Tuesday 12 November 2013

Canadian Gothic Exhibit

Local artist Steven Rhude explores Regionalism in "Canadian Gothic". His most recent works are on display at Argyle Fine Art, Halifax. Come meet Steven and see his works on November 16th 1:30-3:30pm.

Visit Steven's analysis on his blog.

Friday 25 October 2013

Printmaking with Bob Hainstock

INTERMEDIATE PRINTMAKING: (Collography) with Bob Hainstock.
In this 6 week course participants will explore some of the many options for building unique printing plates from fabrics, textured papers, plant materials, metals or wood, as well as printing small varied editions from the plates. A detailed course outline will be available.
Time: Saturdays, 2-4pm, October 26th - November 30th
Fee: 160.00$ gallery members/ 165.00$ non-members

About the Instructor: Bob Hainstock has been teaching printmaking and painting throughout Atlantic Canada for the past 15 years. He is a graduate of the Nova Scotia College of Art & Design (NSCAD). His work is represented in private and public collections across Canada and the United States, as well as Asia and Europe. 

Contact: Acadia University Art Gallery

AKA at The Georgetown Conference

On October 3rd-5th, Alliance of Kings Artists' Administrator was a delegate at The Georgetown Conference in PEI. This conference endeavoured to harness the spirit that exists in rural communities and arm local leaders with ideas that they can transfer to their own communities. You can learn more about the conference here.

The Advertiser has closely followed The Georgetown Conference and its delegates from the Annapolis Valley, and held a follow-up discussion on October 24th so delegates could share their experiences and how they would like to move forward. There was a lot of passion and enthusiasm in the room, and the discussions centred around positive solutions and innovative ideas for community building. AKA's Administrator, Genevieve Allen Hearn, shared some of her insights from the conference related to arts and culture. This was her statement:

What I learned at the Georgetown Conference

I attended the conference representing AKA, so I had my antenna up for any mention of arts and culture throughout the duration of the conference.

I came across many examples of people doing interesting things in the cultural sector in rural communities across Atlantic Canada.

A few I’d like to share with you are….

Small Halls festival – a music festival in PEI that utilizes all of the small venues across the province, including churches, community halls, small theatres, and cafes. The festival features both established and emerging musicians, and has gained global recognition – now other countries are catching on, and organizing their own small halls festivals, using PEI’s model as a touchstone.

Rising Tides Theatre – a small theatre that has put Bona Vista on the map as a cultural destination. It’s considered a major force in the community.

Artists on Main Street – an artist cooperative that pooled together funds and created a shared gallery space on the town’s Main Street in Montaque PEI. They also organize visual arts events throughout the year.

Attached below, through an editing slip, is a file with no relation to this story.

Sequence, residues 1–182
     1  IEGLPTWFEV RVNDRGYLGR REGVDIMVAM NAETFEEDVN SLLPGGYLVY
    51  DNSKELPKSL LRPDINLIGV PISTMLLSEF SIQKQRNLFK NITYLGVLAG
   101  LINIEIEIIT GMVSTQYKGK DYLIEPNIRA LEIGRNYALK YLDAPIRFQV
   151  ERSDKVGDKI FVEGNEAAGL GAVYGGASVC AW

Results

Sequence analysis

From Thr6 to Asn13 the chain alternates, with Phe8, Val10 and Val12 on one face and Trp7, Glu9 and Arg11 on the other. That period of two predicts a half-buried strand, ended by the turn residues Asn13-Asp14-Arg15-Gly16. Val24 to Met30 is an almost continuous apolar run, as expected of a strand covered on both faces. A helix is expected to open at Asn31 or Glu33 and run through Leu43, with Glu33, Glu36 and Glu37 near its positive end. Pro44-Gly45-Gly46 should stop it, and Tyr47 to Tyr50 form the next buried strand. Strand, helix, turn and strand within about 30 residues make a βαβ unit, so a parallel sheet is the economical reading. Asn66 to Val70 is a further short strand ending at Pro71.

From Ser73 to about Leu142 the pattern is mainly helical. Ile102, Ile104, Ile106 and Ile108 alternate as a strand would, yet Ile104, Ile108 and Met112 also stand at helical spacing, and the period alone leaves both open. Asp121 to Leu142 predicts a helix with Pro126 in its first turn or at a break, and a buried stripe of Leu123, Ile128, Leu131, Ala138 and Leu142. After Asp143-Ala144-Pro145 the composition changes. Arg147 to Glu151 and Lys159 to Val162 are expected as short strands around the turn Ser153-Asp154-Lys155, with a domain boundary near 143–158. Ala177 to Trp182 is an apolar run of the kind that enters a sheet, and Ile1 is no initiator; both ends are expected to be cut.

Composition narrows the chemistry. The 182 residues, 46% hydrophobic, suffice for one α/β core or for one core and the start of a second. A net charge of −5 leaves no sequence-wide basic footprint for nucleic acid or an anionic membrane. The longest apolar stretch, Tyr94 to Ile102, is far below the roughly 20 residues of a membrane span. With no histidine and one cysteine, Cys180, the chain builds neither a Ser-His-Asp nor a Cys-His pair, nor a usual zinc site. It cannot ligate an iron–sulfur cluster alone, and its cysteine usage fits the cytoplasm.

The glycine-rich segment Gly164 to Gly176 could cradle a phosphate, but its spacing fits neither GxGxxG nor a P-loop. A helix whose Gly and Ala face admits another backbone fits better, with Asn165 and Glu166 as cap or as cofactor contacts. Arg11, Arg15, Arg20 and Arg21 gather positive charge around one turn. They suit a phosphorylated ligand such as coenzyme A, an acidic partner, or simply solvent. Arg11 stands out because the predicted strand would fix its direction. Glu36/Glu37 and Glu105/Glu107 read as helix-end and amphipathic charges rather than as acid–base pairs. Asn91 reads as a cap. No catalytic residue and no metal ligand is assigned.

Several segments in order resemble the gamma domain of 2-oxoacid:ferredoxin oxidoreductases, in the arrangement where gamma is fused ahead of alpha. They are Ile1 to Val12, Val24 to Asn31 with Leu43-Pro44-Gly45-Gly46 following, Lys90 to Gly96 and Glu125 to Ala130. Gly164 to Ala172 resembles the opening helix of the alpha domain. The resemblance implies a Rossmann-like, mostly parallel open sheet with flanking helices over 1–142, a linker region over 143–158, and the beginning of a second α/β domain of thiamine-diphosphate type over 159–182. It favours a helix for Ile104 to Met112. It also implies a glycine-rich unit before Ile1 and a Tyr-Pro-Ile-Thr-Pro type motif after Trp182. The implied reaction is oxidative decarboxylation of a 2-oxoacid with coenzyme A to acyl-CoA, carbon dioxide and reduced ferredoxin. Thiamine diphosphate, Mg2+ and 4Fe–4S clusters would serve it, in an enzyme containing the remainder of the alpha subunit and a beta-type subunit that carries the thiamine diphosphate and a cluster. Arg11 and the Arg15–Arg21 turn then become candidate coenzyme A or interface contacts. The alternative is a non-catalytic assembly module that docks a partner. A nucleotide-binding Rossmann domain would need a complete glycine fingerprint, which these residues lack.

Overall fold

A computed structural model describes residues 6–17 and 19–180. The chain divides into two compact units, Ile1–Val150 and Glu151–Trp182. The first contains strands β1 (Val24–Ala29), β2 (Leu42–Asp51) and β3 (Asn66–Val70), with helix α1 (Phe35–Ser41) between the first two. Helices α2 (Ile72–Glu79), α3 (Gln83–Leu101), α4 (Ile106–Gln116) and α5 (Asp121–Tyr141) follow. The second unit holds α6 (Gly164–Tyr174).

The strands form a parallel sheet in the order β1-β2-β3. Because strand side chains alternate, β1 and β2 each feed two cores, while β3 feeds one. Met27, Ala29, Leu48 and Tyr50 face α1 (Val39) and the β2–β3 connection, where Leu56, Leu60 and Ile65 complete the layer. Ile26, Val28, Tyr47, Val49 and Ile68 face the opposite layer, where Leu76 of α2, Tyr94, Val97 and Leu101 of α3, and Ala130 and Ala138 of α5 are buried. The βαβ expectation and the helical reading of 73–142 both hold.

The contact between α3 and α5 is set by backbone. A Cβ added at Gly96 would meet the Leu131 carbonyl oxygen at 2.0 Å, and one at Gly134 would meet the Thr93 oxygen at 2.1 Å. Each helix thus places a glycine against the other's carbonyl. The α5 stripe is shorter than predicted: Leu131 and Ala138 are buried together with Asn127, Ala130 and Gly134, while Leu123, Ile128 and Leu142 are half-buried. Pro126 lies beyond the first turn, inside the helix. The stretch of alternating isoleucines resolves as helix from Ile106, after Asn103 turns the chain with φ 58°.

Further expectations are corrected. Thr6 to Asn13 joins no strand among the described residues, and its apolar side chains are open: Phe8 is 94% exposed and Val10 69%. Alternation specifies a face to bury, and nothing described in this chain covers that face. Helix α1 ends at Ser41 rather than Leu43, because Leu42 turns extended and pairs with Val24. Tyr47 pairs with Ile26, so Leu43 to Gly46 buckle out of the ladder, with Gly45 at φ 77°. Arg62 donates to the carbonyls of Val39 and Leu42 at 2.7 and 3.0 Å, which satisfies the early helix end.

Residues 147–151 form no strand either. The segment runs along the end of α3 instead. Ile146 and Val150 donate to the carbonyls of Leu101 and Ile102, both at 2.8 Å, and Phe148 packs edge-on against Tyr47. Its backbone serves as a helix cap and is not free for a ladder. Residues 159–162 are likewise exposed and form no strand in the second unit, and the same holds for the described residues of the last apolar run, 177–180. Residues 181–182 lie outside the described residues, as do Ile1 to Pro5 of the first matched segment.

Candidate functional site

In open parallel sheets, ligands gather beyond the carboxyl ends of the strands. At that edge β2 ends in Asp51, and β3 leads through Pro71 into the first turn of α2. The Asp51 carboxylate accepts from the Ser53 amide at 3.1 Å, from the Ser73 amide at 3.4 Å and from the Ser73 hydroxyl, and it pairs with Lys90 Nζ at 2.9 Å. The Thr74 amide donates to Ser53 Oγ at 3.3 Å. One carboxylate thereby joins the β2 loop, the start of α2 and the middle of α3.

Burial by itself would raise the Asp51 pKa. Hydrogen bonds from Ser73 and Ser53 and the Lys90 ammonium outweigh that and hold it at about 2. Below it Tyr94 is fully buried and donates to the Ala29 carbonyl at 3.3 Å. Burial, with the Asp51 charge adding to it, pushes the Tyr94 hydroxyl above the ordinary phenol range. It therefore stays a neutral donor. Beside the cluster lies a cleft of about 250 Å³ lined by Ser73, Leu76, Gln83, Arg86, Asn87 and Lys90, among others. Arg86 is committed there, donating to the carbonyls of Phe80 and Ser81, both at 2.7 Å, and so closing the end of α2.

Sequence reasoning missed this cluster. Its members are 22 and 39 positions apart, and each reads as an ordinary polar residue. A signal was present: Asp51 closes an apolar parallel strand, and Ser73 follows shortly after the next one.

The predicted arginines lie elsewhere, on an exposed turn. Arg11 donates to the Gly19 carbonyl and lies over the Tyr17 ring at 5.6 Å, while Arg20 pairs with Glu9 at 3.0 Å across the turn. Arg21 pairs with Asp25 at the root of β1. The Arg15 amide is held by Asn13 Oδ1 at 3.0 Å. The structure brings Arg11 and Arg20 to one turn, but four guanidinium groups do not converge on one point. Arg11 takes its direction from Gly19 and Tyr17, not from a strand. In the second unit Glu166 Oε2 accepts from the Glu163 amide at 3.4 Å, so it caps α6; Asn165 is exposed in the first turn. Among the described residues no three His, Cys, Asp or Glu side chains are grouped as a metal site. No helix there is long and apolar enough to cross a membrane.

Kings Playhouse – the venue of the conference was inspirational. The town of 700 people came together when the playhouse burnt down in the early 80s to make sure it got built again. It’s considered an important part of the small community, and is largely what contributed to Georgetown getting the number 1 designation as Maritime’s Cultureville.

What I found even more interesting, however, was the fact that almost every presenter – from the public realm, the private sector, and the nonprofit sector, mentioned the importance of arts and culture in making liveable, healthy, and vibrant communities. Every sector recognized the importance of honoring the unique heritage of our communities, and many presenters alluded to culture being the heartbeat of communities and an economic driver.

My favorite presnter was Zita Cobbs, who developed the Fogo Island Inn, which is a luxury inn that ‘looks to the future, while building on the past’. One thing she said stuck with me, and that was ‘what makes communities worth visiting isn’t their specialness, but rather their specificity’. She talked about finding what you have of value in your community that no other community has (such as the seven seasons of Fogo island) and making it work for you.

I think that Kings County is starting to do this, but there is much more work to be done, particularly in the cultural sector. When I was working on the Cultural Mapping project in Kings County, there were many people that immediately saw the value in cultural development, but I was amazed at how many people, especially those in powerful positions (read: where the money is), did not see culture as a viable or lucrative industry. If you ask me, culture IS Kings County’s industry. The farmers markets, fair trade cafes, open mics, community theatre, performing arts series, wineries, world class cuisine, Slow Food Film Festival, Deep Roots Music Festival, Apple Blossom festival, pumpkin people, ghost walks, galleries, studios, Ross Creek Centre for the Arts, Acadia University, heritage trails and museums, Grand Pre UNESCO site – this is what we have to offer to the world.